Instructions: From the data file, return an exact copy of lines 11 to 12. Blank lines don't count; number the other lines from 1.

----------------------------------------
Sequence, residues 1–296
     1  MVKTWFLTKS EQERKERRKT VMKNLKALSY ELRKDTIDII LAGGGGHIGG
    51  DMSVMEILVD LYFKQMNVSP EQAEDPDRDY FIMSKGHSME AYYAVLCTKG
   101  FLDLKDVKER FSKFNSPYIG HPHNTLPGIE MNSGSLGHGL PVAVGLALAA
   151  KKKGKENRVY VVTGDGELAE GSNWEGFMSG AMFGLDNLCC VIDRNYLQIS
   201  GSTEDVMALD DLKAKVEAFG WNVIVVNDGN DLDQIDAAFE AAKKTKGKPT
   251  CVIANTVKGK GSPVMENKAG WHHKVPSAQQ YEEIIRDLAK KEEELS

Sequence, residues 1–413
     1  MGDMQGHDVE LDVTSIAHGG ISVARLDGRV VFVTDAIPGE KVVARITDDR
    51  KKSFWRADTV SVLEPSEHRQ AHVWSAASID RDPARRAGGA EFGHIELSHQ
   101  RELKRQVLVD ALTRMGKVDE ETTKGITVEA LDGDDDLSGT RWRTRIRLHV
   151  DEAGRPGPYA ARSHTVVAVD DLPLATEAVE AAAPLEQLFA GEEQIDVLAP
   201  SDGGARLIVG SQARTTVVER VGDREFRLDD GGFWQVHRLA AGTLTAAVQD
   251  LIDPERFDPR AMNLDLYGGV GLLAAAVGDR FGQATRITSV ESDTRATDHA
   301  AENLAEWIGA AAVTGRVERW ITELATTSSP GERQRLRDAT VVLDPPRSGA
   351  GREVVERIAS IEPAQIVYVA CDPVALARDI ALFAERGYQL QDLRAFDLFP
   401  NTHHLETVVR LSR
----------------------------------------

   101  RELKRQVLVD ALTRMGKVDE ETTKGITVEA LDGDDDLSGT RWRTRIRLHV
   151  DEAGRPGPYA ARSHTVVAVD DLPLATEAVE AAAPLEQLFA GEEQIDVLAP